If you recall, when it was time to release the “first wave” cubs a few days ago, two of them – Petal and Aster Bear – did not cooperate.  On December 4th, they were given another chance, and this time Petal did go back to the wild for her second chance.  Aster remained in a tree, so she will have to be released later.  Today we have photos of Petal, early in her stay at ABR and the workup for her release.

Here is how Petal looked back in July, when she arrived at ABR.  She was about the size of our current “second wave” cubs at that time.

Petal - 6 months

Petal was just 6 months old.

Petal- July

Petal’s “portrait” in July.

Next, we see Petal with her brother Peanut in October.  They had grown!  Peanut was one of the cubs who was released the other day.

Petal and Peanut

Petal and Peanut in October.

Now we will see what happened on Petal’s release day.  We had a very distinguished guest that day – Cassius Cash, the Superintendent of Great Smoky Mountains National Park observed and participated in the workup procedure.  First, Curator Coy took him on a tour of the Cub Nursery.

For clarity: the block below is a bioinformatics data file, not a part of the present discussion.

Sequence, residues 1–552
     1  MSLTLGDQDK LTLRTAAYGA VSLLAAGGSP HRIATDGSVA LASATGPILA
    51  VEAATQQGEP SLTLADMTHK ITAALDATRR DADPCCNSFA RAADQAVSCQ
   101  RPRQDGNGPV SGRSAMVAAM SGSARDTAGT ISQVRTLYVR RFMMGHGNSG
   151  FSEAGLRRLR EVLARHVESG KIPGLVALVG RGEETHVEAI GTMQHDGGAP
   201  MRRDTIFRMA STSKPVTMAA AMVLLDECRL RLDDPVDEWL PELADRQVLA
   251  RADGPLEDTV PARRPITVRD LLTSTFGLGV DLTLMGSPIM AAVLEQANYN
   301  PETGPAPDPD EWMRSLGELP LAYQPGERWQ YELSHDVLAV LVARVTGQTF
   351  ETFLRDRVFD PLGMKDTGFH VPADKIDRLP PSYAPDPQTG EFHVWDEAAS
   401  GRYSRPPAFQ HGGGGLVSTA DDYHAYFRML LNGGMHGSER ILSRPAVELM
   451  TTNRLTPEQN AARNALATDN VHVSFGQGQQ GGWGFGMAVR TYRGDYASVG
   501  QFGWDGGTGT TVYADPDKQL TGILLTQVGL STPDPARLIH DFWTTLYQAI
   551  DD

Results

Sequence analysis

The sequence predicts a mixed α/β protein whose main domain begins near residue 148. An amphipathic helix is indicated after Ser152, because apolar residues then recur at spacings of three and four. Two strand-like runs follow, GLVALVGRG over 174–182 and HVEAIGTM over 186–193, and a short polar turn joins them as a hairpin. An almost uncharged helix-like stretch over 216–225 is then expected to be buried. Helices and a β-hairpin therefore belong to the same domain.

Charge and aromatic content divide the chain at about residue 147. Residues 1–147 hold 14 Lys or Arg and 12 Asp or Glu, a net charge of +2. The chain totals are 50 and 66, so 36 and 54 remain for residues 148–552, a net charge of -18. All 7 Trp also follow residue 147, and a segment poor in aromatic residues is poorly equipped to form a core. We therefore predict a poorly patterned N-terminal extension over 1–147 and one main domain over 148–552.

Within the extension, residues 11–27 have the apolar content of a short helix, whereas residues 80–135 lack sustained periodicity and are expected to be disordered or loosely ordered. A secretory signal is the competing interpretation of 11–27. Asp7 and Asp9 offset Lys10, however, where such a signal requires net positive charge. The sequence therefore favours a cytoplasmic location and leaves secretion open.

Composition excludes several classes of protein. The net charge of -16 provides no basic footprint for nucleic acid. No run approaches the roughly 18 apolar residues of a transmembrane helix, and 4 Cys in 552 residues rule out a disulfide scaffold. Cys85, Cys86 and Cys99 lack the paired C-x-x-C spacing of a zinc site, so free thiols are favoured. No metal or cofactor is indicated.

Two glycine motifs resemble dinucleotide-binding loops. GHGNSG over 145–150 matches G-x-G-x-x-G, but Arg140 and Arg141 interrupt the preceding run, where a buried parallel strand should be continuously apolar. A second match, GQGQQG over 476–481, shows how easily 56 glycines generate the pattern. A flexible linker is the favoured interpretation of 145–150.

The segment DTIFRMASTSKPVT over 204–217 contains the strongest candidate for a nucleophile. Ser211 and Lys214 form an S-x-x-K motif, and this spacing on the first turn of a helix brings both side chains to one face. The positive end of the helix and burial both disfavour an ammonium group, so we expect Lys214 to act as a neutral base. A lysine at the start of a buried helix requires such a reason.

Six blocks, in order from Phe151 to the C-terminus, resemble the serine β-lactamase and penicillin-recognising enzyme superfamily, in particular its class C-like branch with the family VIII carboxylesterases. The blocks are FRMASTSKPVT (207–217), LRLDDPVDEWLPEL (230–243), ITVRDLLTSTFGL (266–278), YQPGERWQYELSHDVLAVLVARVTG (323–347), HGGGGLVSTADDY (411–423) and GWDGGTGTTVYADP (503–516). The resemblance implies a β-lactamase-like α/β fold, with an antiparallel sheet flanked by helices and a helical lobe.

Coy and Supt. Cash

Curator Coy shows Superintendent Cash the Cub Nursery.

Petal Bear is carried up to the staging area.  The Superintendent lends a hand.

Petal Bear

Petal Bear being carried to staging area.

Petal is weighed – she weighs 92.5 pounds!  One pound more than her brother Peanut weighed.

Petal weighed

Petal weighs 92.5 pounds.

Drops in eyes

Superintendent Cash puts drops in Petal’s eyes.

Mr. Cash

He looks proud to play a part in Petal’s release.

Various checks are performed on Petal.

Teeth are good

Petal’s teeth and gums are healthy.

Big paws

She has big paws and claws.

GPS collar

Curator Coy puts the GPS collar on Petal.

Petal Bear is carried to the truck for transport.

On to the truck

Petal is loaded into the transport carrier.

Closing carrier

David Whitehead, TWRA, closes the transport carrier.

Petal Bear leaves ABR for her wild home.  She was released near where her brother Peanut was released a few days ago.  It is quite possible that they will be reunited, but if not, each of them will be living the solitary life of bears in the wild.  Goodbye Petal Bear!  We hope you have a long and happy life in the wild.